• Who were the different Villains? Do you think this Villain lives on Earth? How might these Villains represent issues in our community? Could the Villains represent environmental issues and/or problems?
    • Could these Heroes live on Earth? Do you think the Heroes could be found in our community? Do they represent things near us? How might these Heroes be examples of players?
    • Why do you think the game designers chose to represent Environmental Actions through the cards like they did?
  3. Ask the students, "What do you know about watersheds?" (they were mentioned in the game) Make a list on the board of what students said. 
  4. Then watch the What is a Watershed video. Return to students answers on the board and ask them if there is anything they'd like to add now that they watched the video.
  5. Conclude by asking the students to make connections between one of the Villain cards (environmental issues) and/or one of the Hero cards (sustainable farming practices) and the importance of healthy watershed in our communities. 

Optional Extension Activity:

  1. Discover what is happening in your local watershed by using the lesson, What’s Happening in my Watershed (lesson created by Barb Ehlers, Upper Iowa University- Eii), and connecting to one of the Villains (environmental issues) and/or Heroes (sustainable farming practices). 
  2. Then transition into the Eii Action Sheet (note: this sheet is filled in with an example, you will want to empty the boxes). As a group, students work together using their knowledge gained from the game to determine ways that they could take action to help solve an environmental issue in their community.
  3. As a class, produce an action plan to take on a water quality issue in their area.
  4. Use the discussion with students to determine their individual and group connections. 
  5. As students play the game, observe their teamwork and ability to follow rules. Make note of anyone that may need more help, or any group that is excelling. Provide these groups with varying modifications to the game (Found Below). 
  6. The Action Sheet may be collected to help observe student ideas and to promote class action.

Modifications Based on Students’ Age: 

  • For younger students:
    1. Remove the Crisis and Event cards or lower the number of them within the deck. 
  • For students with prior knowledge of environmental issues:
    1. Have the students create their own crisis, Hero, or Villain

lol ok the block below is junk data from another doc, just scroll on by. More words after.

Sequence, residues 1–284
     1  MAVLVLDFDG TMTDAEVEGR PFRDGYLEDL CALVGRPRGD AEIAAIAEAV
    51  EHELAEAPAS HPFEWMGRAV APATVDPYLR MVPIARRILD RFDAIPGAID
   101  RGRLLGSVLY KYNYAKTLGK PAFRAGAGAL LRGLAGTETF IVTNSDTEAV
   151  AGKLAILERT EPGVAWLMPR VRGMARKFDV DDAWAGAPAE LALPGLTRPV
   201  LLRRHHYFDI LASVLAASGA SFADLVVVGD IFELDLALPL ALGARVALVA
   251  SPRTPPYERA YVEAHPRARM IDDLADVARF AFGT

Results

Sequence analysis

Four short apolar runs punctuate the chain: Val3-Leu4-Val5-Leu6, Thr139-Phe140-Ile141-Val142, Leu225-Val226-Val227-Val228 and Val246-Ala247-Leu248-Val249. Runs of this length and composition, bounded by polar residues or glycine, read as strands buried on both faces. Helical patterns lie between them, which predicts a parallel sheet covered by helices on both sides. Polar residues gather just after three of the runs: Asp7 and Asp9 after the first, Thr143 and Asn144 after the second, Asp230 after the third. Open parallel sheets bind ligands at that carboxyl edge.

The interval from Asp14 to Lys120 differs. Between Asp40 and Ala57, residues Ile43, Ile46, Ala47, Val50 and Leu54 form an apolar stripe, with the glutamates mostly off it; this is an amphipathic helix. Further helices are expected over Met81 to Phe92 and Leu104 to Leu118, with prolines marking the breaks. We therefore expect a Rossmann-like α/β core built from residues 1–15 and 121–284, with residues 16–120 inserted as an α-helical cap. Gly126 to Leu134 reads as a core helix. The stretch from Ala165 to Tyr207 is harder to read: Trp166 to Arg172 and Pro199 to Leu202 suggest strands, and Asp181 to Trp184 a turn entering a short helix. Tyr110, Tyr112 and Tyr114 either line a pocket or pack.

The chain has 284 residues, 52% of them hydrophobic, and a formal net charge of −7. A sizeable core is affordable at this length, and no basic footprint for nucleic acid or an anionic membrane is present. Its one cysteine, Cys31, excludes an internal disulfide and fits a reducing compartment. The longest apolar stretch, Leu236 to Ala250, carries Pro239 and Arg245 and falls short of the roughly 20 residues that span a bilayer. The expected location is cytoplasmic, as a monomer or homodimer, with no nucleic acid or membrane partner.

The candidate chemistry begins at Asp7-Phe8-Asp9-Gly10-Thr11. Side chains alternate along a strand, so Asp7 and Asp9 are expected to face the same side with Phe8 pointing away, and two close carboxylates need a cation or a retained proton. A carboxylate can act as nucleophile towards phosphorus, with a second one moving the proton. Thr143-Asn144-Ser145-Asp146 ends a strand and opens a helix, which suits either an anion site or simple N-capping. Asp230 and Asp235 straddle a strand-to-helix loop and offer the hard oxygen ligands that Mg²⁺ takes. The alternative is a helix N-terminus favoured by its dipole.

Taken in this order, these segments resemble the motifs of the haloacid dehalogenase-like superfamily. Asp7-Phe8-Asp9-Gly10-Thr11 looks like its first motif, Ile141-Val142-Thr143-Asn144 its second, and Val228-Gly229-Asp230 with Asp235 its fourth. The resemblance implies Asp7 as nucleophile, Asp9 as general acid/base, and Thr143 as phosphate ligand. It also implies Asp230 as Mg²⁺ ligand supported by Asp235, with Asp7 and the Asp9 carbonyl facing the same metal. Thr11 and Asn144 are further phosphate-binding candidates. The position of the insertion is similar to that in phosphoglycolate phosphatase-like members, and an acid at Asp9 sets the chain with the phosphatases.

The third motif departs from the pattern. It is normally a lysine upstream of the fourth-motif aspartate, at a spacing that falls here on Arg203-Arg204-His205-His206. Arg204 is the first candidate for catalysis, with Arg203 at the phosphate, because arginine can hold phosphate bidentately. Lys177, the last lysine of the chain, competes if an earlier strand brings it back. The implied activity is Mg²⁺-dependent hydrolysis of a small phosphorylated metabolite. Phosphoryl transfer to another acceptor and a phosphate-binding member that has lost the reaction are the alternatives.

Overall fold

• Students can survey their neighborhood/surrounding area for farming practices that are helpful or harmful to water quality and look for areas that may have an increased amount of nutrients.
  • Encourage students to explore what goes into their water or where their water comes from (this is a good place to also include the water cycle/nitrogen cycle).
  • Expand student understanding by having them design a buffer strip, or other sustainable farming practices, that will also increase biodiversity. 

Essential Files (maps, charts, pictures, or documents):

  • Game Cards (Print on Cardstock and cut it out)
  • Hero Cards (Print front and back on Cardstock and cut them out. Be sure to let the printer know the weight of the cardstock, otherwise they will not print front and back correctly)
  • Villain Cards (Print front and back on Cardstock and cut them out. Be sure to let the printer know the weight of the cardstock, otherwise they will not print front and back correctly)
  • Game Board (Recommended Printing on 11 X 17 paper)
  • Pollution Track (Optional) 
  • Rule Sheet and Game Instructions 

Did you know? (Ag Facts):

  • There were 2.71 million acres of cover crops planted in 2019
  • On average, there are 5.8 tons of soil per acre per year lost to erosion.
  • Soil erosion has decreased 35% between 1982 and 2017.

Extension Activities (how students can carry this beyond the classroom):

  • Have a visit from the local Soil and Water Conservation District or Natural Resources Conservation Service
  • Host a FarmChat® with a farmer that utilizes conservation practices


  • Upper Iowa University – Environmental Issues Instruction (EII)